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Mouse Model of Immune Complex-mediated Vasculitis in Dorsal Skin and Assessment of the Neutrophil-mediated Tissue Damage   

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Original research article

A brief version of this protocol appeared in:
Stem Cells
Sep 2016

Abstract

Neutrophils are the most abundant leukocytes in the blood. In the recent decades, their crucial roles in host defense, immune regulation and tissue damage have been studied in a deeper dimension. In this protocol, we described a mouse model of immune complex-mediated vasculitis in the dorsal skin induced by Arthus reaction, and the subsequent analysis of edema, hemorrhage and tissue damage due to neutrophil activation by means of Evans blue area analysis, histology, and immunofluorescence. This protocol could facilitate the investigation of cellular therapy strategy against over-activated neutrophil-mediated tissue damage.

Keywords: Vasculitis, Neutrophil, Evans blue, Tissue damage

Background

Neutrophils constitute the largest, evolutionary conserved fraction of circulating leukocytes. They lead the first wave of host defense against infection or tissue damage. In vitro models of neutrophil-mediated cellular cytotoxicity are well established (Incani et al., 1981; Dallegri et al., 1984; Saffarzadeh et al., 2012). However, to dissect the complexity of neutrophil-mediated sterile tissue injury, in vivo models are indispensable.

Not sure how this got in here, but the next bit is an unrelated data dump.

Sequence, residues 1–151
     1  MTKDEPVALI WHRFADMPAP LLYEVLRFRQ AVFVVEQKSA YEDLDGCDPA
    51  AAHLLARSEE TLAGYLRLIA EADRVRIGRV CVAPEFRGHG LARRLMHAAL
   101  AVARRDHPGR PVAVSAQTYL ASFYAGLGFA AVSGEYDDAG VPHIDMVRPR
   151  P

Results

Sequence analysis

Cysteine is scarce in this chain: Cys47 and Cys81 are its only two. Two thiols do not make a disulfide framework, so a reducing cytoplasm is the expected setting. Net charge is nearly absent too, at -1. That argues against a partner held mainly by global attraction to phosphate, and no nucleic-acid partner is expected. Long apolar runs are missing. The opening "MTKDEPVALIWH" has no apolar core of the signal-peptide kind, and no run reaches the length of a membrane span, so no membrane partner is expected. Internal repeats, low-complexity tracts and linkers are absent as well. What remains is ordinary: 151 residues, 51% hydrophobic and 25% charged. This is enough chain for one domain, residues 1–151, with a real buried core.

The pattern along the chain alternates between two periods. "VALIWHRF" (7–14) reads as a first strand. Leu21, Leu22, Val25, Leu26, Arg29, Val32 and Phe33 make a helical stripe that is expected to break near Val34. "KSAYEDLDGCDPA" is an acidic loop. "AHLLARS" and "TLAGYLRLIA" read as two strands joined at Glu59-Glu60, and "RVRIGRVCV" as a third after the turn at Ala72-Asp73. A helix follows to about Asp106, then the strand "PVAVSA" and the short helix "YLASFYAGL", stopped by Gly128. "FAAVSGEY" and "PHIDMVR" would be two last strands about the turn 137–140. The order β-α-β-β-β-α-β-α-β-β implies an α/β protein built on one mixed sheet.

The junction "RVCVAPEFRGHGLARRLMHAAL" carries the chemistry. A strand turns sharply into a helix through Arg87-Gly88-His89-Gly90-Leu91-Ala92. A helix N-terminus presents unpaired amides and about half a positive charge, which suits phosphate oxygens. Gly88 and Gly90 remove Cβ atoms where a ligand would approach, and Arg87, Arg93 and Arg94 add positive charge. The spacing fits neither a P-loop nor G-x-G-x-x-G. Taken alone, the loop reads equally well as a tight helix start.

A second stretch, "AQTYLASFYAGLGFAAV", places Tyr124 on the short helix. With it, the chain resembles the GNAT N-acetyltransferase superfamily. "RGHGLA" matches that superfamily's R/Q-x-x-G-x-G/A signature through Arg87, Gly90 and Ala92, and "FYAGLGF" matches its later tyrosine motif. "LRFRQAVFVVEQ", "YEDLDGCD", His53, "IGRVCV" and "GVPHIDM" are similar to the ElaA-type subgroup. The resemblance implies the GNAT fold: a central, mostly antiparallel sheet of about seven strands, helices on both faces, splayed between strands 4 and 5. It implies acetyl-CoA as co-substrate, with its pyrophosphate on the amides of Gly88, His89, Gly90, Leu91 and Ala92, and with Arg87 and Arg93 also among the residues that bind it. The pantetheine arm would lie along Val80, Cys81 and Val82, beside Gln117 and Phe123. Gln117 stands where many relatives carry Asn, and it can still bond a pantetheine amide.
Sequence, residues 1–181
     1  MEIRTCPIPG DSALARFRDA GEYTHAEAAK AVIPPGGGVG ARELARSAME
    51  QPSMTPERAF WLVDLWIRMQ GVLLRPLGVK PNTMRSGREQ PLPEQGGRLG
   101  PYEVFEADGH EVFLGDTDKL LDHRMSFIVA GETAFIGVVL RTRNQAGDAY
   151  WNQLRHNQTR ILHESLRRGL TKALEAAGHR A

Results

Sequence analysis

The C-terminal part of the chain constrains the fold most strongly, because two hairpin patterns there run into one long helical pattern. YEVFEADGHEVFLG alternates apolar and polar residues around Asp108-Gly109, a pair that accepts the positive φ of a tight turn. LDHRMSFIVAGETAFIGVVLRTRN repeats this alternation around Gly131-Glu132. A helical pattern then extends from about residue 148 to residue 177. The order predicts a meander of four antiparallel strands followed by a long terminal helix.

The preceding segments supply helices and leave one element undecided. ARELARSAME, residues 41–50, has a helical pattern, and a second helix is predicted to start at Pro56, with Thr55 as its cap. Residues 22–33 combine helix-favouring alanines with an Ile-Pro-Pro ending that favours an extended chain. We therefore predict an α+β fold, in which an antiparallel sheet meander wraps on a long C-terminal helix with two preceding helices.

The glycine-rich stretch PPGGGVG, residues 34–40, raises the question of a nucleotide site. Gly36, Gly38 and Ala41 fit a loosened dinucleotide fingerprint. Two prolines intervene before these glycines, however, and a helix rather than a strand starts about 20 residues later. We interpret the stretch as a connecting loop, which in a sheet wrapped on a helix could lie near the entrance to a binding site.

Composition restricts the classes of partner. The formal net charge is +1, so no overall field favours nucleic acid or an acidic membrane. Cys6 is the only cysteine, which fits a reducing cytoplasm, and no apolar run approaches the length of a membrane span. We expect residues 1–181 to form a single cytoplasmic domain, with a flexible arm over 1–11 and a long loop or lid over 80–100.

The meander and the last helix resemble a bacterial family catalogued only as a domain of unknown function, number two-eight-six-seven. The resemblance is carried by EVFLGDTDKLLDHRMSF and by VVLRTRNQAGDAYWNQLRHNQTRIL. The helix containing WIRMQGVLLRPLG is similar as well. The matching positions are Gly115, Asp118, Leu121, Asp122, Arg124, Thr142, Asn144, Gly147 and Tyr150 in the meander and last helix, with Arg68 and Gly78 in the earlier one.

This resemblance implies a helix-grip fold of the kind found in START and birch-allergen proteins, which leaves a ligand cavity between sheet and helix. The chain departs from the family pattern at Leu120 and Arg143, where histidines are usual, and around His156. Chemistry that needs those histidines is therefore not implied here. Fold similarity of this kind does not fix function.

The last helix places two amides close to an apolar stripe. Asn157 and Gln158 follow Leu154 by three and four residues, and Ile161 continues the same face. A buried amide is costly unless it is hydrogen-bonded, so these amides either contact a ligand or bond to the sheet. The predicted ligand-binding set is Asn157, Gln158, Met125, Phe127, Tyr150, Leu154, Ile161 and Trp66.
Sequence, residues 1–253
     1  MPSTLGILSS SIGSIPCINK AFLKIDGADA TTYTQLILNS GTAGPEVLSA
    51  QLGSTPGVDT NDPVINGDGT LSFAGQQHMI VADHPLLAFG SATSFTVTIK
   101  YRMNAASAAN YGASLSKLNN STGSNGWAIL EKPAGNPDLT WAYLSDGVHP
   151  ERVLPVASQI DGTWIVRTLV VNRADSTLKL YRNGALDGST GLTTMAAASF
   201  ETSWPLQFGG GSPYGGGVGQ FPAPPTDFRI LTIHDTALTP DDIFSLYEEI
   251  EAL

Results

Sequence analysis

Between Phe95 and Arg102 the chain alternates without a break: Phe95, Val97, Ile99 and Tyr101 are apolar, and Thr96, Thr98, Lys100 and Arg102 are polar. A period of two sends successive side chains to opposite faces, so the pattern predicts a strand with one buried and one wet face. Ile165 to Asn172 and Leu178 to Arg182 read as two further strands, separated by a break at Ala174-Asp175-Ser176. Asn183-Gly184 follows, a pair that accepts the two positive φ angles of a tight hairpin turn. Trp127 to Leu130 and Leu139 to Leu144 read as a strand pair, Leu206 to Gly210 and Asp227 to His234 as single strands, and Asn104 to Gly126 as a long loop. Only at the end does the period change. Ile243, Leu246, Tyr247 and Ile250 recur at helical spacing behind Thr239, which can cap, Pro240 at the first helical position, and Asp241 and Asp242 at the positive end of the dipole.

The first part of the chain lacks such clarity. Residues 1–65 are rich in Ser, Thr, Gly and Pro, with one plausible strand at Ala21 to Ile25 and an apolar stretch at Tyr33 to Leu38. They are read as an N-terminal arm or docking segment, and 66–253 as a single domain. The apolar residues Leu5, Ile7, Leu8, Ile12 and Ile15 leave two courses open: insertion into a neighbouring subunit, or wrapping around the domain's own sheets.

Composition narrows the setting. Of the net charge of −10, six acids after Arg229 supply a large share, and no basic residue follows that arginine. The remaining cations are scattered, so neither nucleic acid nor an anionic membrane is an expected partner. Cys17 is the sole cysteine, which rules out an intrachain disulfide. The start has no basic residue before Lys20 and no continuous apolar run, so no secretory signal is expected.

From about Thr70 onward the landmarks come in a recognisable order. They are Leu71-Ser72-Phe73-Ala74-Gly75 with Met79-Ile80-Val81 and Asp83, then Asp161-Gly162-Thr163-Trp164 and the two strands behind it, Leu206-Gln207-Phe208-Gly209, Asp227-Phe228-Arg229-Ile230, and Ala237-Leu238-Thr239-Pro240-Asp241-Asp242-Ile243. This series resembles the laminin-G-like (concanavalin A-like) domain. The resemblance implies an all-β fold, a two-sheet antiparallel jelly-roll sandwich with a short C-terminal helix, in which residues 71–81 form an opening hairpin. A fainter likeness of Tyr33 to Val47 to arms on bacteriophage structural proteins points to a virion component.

Immune complex (IC)-mediated vasculitis is a disease initiated by the deposition of antigen-antibody complexes in blood vessels, which subsequently lead to complement activation, neutrophil recruitment and activation. The large amount of reactive oxygen species and proteases released from activated neutrophils damage the endothelial lining of the vessel wall and result in edema and hemorrhage (Sindrilaru et al., 2007; Goerge et al., 2008; Feld et al., 2012). The previously described IC-mediated vasculitis induced by Arthus reaction in mouse ears (Sindrilaru et al., 2007) is one of successful models to study the neutrophil-mediated tissue damage. However, with very thin layer of tissue, mouse ear is not suitable to study the effect of potential therapeutic agents in a large volume, for example, with cellular therapy strategy.

In this protocol, we describe a mouse model of IC-mediated vasculitis in dorsal skin, which enables to overcome the above-mentioned pitfall. Furthermore, we provide the details of subsequent analysis of neutrophil induced hemorrhage and tissue injury by Evans blue quantification, together with histological and immunofluorescence techniques. Our results indicated that this mouse model closely resembles the features of tissue damage in human vasculitis patients caused by over-activated neutrophils. This protocol has been applied successfully for our recent discoveries that mesenchymal stem cells suppress hemorrhage and tissue damage in immune-complex mediated vasculitis mediated by over-activated neutrophils (Jiang et al., 2016).